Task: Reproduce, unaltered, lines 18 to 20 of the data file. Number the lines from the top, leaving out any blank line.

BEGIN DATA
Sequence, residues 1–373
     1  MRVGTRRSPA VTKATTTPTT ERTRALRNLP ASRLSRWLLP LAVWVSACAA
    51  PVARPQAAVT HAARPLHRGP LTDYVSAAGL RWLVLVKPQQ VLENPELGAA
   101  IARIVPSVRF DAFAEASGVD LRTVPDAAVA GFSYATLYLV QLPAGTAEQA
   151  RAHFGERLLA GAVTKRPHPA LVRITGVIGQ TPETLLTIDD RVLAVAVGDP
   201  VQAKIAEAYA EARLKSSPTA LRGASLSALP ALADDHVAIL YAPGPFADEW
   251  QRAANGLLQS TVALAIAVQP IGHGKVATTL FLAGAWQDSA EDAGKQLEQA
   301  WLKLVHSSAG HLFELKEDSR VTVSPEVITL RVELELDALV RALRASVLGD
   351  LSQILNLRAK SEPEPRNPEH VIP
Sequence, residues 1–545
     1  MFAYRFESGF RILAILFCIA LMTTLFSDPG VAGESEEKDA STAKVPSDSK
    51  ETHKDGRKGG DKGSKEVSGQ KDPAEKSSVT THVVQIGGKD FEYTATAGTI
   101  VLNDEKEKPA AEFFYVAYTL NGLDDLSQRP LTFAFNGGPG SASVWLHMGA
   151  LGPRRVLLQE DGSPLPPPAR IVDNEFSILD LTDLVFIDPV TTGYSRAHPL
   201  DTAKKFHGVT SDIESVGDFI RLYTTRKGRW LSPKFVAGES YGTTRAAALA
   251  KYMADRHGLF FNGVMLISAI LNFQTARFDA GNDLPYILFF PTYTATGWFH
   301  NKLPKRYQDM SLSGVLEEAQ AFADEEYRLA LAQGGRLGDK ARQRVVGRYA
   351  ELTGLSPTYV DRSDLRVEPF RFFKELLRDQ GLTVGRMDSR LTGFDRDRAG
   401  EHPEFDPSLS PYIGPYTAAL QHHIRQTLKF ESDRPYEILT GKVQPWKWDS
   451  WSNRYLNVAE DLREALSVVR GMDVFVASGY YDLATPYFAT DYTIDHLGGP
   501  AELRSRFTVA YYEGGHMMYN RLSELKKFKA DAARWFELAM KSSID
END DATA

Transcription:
   351  ELTGLSPTYV DRSDLRVEPF RFFKELLRDQ GLTVGRMDSR LTGFDRDRAG
   401  EHPEFDPSLS PYIGPYTAAL QHHIRQTLKF ESDRPYEILT GKVQPWKWDS
   451  WSNRYLNVAE DLREALSVVR GMDVFVASGY YDLATPYFAT DYTIDHLGGP